Maybe this is why I haven't yet gotten much traction here in NYC. I just don't know where it's at, and my attitude is generally pretty poor. But it's fucking depressing. To the best of my knowledge, I've been bouncing around some of the better enclaves of this country for the sorts of things I'm interested in, and I've yet to really find anywhere I feel I fit, or anyone I really think I can follow.

This is hard. I can't do it alone, yet I don't have any contemporary models from which to draw strength, no footsteps to tread in which don't seem antiquated. There's great hope in Robert Owen's example, but that's 200 years old and no one's really picked up on it since then. There's great wisdom in some of the old hippy screeds like, "Enlightenment is getting off your tail and doing something," and "We are this season's people, and if we don't do it, it won't get done," but those are more motivational than directional. "In all fairness there is more than enough to go around," is a pretty cool general ethic, but the devil is still in the details.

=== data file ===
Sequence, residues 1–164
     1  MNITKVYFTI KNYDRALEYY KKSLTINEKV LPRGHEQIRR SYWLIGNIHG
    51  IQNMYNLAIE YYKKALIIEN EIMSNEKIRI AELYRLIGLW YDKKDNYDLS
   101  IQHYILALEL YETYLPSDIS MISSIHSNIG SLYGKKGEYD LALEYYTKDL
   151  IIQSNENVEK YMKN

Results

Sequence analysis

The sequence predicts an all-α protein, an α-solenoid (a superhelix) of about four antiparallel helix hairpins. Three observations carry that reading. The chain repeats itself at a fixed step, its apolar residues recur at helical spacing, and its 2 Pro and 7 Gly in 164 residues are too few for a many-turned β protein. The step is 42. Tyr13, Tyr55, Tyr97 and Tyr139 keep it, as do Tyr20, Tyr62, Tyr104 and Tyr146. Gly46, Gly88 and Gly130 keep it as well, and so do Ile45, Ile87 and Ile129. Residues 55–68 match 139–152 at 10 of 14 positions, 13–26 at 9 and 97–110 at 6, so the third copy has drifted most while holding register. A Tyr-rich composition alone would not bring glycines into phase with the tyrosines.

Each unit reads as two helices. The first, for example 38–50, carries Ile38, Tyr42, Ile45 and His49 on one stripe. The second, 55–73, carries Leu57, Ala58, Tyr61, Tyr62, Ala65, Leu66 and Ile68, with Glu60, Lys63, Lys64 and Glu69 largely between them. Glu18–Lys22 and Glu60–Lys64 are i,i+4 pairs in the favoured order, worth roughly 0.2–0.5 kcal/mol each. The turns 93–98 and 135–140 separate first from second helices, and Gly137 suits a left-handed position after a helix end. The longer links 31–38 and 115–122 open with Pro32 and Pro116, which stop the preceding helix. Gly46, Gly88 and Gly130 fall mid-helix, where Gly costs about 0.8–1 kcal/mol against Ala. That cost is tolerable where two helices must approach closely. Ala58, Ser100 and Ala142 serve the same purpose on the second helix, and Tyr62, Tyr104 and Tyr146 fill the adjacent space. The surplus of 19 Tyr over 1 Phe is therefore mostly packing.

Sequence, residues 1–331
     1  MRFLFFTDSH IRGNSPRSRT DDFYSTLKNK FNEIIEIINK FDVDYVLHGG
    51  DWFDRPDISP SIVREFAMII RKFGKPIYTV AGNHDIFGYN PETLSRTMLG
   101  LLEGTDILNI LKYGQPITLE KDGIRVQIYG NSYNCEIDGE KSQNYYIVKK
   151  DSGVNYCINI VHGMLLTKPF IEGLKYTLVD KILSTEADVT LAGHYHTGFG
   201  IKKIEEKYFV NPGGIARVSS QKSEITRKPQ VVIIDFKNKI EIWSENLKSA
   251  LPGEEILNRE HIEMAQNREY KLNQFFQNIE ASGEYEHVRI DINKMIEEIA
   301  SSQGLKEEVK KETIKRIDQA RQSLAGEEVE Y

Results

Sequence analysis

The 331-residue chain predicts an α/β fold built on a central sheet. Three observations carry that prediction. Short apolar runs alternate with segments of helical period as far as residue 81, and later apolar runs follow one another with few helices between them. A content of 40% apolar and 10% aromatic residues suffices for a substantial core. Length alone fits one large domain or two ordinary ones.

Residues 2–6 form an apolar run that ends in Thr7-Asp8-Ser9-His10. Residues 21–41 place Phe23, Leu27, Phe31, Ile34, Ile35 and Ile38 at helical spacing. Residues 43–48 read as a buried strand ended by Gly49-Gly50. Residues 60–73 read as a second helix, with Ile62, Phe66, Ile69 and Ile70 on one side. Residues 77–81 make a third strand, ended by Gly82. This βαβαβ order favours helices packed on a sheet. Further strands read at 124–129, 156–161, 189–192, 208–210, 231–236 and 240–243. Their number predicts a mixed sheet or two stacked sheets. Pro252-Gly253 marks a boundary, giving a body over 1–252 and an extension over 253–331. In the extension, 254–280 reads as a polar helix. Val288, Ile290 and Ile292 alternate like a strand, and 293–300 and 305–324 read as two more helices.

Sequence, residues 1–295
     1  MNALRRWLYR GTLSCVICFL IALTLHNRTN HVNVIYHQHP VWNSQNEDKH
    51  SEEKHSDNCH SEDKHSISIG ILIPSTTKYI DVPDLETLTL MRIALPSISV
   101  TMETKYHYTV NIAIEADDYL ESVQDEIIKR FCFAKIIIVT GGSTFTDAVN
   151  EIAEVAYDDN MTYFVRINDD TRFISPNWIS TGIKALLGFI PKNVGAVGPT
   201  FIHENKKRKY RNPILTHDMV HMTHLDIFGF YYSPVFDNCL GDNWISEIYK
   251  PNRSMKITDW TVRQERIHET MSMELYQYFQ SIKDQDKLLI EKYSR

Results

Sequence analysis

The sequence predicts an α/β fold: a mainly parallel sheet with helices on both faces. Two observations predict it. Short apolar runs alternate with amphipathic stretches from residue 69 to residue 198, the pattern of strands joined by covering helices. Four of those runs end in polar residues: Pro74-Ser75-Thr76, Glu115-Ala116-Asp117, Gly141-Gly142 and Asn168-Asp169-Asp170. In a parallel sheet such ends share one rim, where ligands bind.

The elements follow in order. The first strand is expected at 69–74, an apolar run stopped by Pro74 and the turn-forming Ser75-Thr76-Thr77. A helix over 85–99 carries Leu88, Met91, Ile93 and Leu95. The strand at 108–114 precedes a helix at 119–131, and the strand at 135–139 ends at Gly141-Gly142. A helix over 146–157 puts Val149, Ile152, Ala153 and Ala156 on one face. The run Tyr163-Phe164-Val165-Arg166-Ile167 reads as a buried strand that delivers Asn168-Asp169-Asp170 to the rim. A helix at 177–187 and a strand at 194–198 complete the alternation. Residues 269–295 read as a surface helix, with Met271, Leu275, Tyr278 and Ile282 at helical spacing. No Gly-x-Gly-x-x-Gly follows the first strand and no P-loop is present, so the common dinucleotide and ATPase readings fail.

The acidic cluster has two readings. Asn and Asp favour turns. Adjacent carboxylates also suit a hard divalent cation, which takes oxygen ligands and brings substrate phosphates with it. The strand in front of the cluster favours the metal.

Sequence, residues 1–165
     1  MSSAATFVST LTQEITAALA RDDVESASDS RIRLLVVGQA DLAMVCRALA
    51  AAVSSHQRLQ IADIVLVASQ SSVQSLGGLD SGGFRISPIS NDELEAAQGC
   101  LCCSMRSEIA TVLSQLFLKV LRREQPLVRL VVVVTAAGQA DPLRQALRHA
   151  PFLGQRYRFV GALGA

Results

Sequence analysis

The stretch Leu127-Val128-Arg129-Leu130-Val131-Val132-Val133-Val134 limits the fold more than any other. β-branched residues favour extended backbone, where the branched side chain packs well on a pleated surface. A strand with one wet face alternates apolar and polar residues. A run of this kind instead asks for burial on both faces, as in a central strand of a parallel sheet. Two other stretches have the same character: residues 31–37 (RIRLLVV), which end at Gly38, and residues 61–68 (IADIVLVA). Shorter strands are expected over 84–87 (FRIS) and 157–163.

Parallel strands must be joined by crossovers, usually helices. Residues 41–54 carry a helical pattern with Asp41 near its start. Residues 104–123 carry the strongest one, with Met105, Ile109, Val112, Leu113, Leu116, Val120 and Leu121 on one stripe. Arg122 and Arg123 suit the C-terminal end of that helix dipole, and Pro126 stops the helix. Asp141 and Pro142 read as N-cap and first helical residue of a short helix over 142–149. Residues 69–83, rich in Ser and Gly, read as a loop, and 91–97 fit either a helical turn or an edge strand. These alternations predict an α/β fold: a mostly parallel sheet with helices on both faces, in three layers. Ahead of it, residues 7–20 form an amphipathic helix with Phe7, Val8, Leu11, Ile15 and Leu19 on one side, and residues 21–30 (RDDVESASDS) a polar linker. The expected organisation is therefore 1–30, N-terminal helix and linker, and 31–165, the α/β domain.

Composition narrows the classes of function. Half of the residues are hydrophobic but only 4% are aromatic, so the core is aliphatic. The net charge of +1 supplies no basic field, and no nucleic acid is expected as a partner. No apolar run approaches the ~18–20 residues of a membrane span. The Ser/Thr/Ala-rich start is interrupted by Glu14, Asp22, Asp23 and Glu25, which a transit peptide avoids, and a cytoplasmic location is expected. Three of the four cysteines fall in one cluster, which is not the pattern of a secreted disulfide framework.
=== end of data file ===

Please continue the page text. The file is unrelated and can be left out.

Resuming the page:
It occurs to me that I've given relatively little time and energy to introspection lately, and that I've got to figure out how to make myself happy if I want to have any kind of shot at a good life. I guess that's what I'm trying to chew through here. I'm also lonely. That doesn't help any of this out. I'm in a desparately precarious position, personally. That's another big wordy piece, so I'll leave it at that for the moment.

To sum up, I like telling people I'm an artist, but I don't like the position which art currently occupies in the world. I want to influence the political process, but I don't want to call myself a politician or have to put up with the BS of working through those systems myself. I want to make use of the still breaking tech reformation, but I don't want to be tied into the role of technician.

Where that leaves me, I'm not sure. Still stuck in the middle. I'm not-so-secretly hoping that The Road Trip will shake some things loose, but I'm not counting on it.

Well, there's not much for it but to keep breathing and living and striving and sweating. Life is holy and every moment precious. Time to get vested.

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Sweat Notes - Media - Women